11 subtle warning signs that a loved one is struggling with substance abuse

 

Addiction is one of the least understood branches of psychiatry and is still largely a mystery in terms of its causes, as well as potentially effective treatments.

What modern research has made clear in recent years, however, is that addiction should be thought of as a disease – a medical problem and not a moral one.

Read Are South Africans at risk of having an ‘alcohol problem’?

The causes of addiction vary considerably and are often not fully understood. They are generally caused by a combination of physical, mental, circumstantial and emotional factors.

Everyone should educate themselves on the warning signs and symptoms of substance abuse. Remember, addiction can and does happen to anyone regardless of age, race, social status and income.

Here are a few of the most common signs of addiction to watch out for if you suspect someone close to you might be struggling.

Physical symptoms can include:

  • Commonly displaying glazed or bloodshot eyes, sometimes accompanied by changes in the size of the pupil due to constriction or dilation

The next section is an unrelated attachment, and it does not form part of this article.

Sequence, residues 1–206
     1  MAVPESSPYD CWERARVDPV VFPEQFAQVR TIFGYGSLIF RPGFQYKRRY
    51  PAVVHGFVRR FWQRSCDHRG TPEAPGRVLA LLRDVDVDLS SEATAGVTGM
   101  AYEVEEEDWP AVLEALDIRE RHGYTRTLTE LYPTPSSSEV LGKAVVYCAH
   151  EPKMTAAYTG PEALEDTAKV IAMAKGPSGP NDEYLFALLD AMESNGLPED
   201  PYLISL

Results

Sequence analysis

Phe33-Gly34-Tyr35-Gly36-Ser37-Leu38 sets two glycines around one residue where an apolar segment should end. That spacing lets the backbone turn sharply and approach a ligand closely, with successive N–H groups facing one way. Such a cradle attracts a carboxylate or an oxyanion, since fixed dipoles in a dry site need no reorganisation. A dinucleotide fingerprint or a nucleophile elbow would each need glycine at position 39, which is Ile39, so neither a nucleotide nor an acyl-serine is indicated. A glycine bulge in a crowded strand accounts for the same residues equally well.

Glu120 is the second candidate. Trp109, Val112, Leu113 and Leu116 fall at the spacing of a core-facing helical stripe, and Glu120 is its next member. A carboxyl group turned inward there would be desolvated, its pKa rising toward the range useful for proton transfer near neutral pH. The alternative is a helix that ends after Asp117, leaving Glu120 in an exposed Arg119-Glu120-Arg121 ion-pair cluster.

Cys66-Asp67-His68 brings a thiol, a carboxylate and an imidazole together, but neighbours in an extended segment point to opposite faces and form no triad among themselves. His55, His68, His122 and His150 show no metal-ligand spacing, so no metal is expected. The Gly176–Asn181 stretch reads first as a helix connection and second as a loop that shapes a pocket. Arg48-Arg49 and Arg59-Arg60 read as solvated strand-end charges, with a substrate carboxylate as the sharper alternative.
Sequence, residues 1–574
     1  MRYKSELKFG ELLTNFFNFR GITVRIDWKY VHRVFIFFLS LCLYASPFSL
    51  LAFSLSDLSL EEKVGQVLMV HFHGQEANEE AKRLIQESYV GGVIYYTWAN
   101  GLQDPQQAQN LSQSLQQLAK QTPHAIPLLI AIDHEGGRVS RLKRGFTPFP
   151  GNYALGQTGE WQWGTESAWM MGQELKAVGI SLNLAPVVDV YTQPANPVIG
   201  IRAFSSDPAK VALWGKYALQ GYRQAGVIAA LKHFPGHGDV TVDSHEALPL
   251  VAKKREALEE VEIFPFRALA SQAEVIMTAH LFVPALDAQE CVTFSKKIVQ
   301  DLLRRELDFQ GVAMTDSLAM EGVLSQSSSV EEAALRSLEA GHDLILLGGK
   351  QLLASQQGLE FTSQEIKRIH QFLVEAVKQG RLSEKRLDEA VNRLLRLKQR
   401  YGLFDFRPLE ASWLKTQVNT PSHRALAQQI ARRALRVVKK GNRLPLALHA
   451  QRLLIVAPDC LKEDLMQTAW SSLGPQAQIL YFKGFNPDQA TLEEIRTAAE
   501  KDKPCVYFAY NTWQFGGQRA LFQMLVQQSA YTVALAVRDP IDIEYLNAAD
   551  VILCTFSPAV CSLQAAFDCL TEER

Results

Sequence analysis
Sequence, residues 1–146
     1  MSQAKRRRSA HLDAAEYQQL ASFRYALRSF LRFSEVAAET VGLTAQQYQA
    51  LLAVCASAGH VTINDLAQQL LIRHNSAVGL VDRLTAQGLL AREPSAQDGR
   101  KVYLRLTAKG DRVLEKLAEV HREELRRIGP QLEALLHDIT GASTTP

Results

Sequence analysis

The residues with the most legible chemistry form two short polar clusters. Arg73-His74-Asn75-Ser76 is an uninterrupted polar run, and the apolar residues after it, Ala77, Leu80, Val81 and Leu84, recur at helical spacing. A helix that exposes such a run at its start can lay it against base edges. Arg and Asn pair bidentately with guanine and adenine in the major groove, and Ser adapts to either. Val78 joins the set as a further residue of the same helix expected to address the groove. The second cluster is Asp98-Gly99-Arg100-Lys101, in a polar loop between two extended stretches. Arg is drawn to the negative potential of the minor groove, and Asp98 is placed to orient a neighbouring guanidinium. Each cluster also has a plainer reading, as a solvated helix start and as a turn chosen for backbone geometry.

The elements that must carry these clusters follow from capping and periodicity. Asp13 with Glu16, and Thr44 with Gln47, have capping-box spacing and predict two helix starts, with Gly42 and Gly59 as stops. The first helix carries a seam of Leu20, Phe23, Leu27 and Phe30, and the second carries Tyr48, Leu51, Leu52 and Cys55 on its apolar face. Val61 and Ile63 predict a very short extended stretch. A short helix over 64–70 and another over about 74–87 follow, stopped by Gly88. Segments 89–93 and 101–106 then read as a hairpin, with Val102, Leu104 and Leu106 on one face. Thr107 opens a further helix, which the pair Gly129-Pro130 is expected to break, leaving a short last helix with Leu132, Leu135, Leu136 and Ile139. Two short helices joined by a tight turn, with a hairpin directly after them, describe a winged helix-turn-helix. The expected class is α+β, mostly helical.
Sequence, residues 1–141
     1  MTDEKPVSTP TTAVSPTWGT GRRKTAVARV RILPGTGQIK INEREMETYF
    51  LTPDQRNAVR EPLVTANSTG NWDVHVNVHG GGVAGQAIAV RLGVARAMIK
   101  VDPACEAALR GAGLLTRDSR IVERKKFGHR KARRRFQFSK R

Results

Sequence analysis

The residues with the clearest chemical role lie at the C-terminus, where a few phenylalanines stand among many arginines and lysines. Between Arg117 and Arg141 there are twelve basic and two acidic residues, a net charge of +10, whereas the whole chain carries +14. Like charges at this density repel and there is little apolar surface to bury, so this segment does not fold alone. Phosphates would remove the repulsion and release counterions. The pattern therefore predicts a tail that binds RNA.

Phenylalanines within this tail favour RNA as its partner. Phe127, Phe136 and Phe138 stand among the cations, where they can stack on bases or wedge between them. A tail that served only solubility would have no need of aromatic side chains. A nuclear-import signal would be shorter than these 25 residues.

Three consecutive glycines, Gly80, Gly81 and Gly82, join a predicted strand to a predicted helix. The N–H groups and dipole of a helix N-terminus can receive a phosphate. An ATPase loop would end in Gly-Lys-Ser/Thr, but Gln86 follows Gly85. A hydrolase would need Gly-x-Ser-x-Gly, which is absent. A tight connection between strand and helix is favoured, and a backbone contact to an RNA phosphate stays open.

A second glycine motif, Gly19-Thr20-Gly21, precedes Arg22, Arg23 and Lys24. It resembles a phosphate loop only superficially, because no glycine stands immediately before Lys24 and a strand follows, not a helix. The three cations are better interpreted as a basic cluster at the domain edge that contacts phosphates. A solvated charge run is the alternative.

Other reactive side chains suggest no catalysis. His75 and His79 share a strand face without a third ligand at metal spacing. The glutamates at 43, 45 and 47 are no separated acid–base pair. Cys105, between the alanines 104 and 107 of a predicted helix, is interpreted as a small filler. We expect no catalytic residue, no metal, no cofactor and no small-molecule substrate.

• Abrupt weight changes
  • Bruises, infections and scars on the skin, particularly on the face or in areas where intravenous drugs enter the body – the crooks of the elbows or on the feet, for example
  • Deterioration of physical appearance and personal grooming habits.

Behavioural symptoms can include:

  • Drop in attendance and performance at work or in school
  • Sudden changes in sleep patterns
  • An unexplained need for money and eventually, serious financial problems, often accompanied by borrowing and stealing
  • Frequently getting into trouble including fights, accidents and trouble with the law.

Psychological symptoms can include:

  • Sudden or unexplained changes in personality and attitude
  • Mood swings, irritability or angry outbursts
  • Lethargy, depression and lack of motivation.

If there is someone close to you exhibiting some of the above warning signs, it is important to be tactful in your approach. It is vital to not come across as condescending and acknowledging that you have your own weaknesses will show that your concern is not a personal attack. It is important to come across as supportive and loving and never attempt to threaten, bribe, or lecture a person into changing their behaviour.

Edited by Stacey Woensdregt

Tell us about how you helped a loved one who may have experienced substance abuse on our WhatsApp group on 079 439 5345.

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